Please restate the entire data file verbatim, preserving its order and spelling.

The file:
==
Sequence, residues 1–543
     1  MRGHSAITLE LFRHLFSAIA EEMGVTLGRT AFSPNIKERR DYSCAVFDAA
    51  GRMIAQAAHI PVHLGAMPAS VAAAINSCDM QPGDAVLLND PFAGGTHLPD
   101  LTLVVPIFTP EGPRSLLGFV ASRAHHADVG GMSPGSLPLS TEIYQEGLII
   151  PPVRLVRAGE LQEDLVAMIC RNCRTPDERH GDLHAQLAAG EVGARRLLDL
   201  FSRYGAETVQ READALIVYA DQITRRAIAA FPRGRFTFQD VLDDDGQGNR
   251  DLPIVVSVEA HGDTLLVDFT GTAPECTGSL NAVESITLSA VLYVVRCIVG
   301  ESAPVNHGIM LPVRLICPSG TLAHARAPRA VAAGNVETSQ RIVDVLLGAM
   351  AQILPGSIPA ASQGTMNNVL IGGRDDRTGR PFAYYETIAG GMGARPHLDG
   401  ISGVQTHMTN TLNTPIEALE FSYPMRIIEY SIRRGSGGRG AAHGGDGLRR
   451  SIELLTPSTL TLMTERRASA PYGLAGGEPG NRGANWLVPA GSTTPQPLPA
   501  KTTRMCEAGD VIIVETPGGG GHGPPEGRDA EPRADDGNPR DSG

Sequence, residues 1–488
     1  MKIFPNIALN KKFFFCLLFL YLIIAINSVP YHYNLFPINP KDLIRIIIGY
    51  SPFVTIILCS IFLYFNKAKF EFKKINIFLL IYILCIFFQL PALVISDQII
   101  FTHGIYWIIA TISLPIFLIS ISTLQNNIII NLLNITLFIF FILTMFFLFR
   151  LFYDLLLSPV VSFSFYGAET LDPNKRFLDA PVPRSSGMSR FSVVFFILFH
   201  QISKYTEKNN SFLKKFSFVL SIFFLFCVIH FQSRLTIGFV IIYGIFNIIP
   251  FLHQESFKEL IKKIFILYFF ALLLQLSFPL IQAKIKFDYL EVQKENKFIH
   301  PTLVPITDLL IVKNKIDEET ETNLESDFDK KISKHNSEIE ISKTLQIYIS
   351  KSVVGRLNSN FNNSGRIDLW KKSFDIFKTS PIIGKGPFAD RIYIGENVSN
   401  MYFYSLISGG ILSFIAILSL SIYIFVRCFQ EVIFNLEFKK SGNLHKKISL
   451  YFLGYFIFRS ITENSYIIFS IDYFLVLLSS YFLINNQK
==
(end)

Sequence, residues 1–543
     1  MRGHSAITLE LFRHLFSAIA EEMGVTLGRT AFSPNIKERR DYSCAVFDAA
    51  GRMIAQAAHI PVHLGAMPAS VAAAINSCDM QPGDAVLLND PFAGGTHLPD
   101  LTLVVPIFTP EGPRSLLGFV ASRAHHADVG GMSPGSLPLS TEIYQEGLII
   151  PPVRLVRAGE LQEDLVAMIC RNCRTPDERH GDLHAQLAAG EVGARRLLDL
   201  FSRYGAETVQ READALIVYA DQITRRAIAA FPRGRFTFQD VLDDDGQGNR
   251  DLPIVVSVEA HGDTLLVDFT GTAPECTGSL NAVESITLSA VLYVVRCIVG
   301  ESAPVNHGIM LPVRLICPSG TLAHARAPRA VAAGNVETSQ RIVDVLLGAM
   351  AQILPGSIPA ASQGTMNNVL IGGRDDRTGR PFAYYETIAG GMGARPHLDG
   401  ISGVQTHMTN TLNTPIEALE FSYPMRIIEY SIRRGSGGRG AAHGGDGLRR
   451  SIELLTPSTL TLMTERRASA PYGLAGGEPG NRGANWLVPA GSTTPQPLPA
   501  KTTRMCEAGD VIIVETPGGG GHGPPEGRDA EPRADDGNPR DSG

Sequence, residues 1–488
     1  MKIFPNIALN KKFFFCLLFL YLIIAINSVP YHYNLFPINP KDLIRIIIGY
    51  SPFVTIILCS IFLYFNKAKF EFKKINIFLL IYILCIFFQL PALVISDQII
   101  FTHGIYWIIA TISLPIFLIS ISTLQNNIII NLLNITLFIF FILTMFFLFR
   151  LFYDLLLSPV VSFSFYGAET LDPNKRFLDA PVPRSSGMSR FSVVFFILFH
   201  QISKYTEKNN SFLKKFSFVL SIFFLFCVIH FQSRLTIGFV IIYGIFNIIP
   251  FLHQESFKEL IKKIFILYFF ALLLQLSFPL IQAKIKFDYL EVQKENKFIH
   301  PTLVPITDLL IVKNKIDEET ETNLESDFDK KISKHNSEIE ISKTLQIYIS
   351  KSVVGRLNSN FNNSGRIDLW KKSFDIFKTS PIIGKGPFAD RIYIGENVSN
   401  MYFYSLISGG ILSFIAILSL SIYIFVRCFQ EVIFNLEFKK SGNLHKKISL
   451  YFLGYFIFRS ITENSYIIFS IDYFLVLLSS YFLINNQK